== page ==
6. The method of claim 5, wherein at least one of the data processing actions includes outputting at least a signal indicating that the item characteristics are not associated with the item.
7. The method of claim 1, wherein the event occurrence is receipt of an item identifier associated with the item.
8. The method of claim 7, wherein the item identifier is received as at least one of manual POS terminal input and a scan of a Universal Product Code (UPC) by a product scanner.
9. The method of claim 1 performed by a product scanner.
10. The method of claim 1, wherein:
at least one of the silhouette detection, glare detection, straight line detection, and parallel line detection processes are performed on at least two images and the indication that the captured item is likely man-made is output only upon reaching the same conclusion through the respective process upon processing at least two images; and
when an output of only one of the silhouette detection, glare detection, straight line detection, and parallel line detection processes output the indication that the captured item is likely man-made with regard to only a single image, performing further processing with regard to that single image to identify at least one additional feature present therein to confirm that the captured item is man-made and outputting the indication that the captured item is likely man-made when the at least one additional feature is present in the image.
11. The method of claim 1, wherein removing the background of the at least one image includes:
down sampling each image to a lower resolution;
subtracting a background reference image from a current image, the background reference image subtracted being of an identical resolution and captured by a respective camera that captured the current image; and
performing a pixel-by-pixel comparison between reference image pixels and current image pixels and removing the pixel from the current image when the difference between current image pixel value and the reference image pixel value is lesser than a threshold value, the threshold value variable determined based on the value of one of the current image and reference image pixel values.
12. A method comprising:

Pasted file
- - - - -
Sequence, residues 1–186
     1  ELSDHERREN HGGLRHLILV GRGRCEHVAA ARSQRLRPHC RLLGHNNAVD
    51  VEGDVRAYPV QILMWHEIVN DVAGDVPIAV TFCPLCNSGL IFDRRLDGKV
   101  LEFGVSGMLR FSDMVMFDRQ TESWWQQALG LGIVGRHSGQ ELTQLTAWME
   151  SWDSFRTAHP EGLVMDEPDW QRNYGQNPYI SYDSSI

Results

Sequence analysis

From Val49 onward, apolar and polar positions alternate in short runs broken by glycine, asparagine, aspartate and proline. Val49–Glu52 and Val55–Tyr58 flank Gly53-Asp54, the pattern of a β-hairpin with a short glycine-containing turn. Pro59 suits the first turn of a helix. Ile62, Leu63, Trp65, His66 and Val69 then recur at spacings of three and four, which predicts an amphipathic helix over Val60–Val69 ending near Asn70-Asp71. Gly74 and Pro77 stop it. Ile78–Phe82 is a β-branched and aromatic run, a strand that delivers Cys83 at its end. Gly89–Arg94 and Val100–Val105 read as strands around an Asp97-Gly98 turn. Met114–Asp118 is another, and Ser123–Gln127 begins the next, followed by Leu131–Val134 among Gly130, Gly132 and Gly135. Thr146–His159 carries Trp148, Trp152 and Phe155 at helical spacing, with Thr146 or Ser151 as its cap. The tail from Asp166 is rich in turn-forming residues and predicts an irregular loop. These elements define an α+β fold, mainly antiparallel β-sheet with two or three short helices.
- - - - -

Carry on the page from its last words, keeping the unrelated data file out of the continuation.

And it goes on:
receiving an image from each of at least one camera of a plurality of cameras of a product scanner; and
processing a number of the received images to obtain item characteristics, wherein the number of images processed when the number of images received is greater than one is at least one less than the number of images received, the processing including:
down sampling each image to a lower resolution;
subtracting a background reference image from a current image, the background reference image subtracted being of an identical resolution captured by a respective camera that captured the current image; and
performing a pixel-by-pixel comparison between reference image pixels and current image pixels and removing the pixel from the current image when the difference between current image pixel value and the reference image pixel value is lesser than a threshold value, the threshold value variable determined based on the value of one of the current image and reference image pixel values;
determining according to at least one validation process whether the item characteristics are associated with a presented item;
providing a result of the at least one validation process to a Point-Of-Sale (POS) terminal; and
wherein at least one validation process is performed with regard to the at least one received image to remove a background of the image leaving only an image of a captured item and to perform at least one additional validation process that outputs the result, the result including an indication of whether the captured item is a naturally occurring or man-made item, the at least one additional validation process on the image of the captured item including at least one of: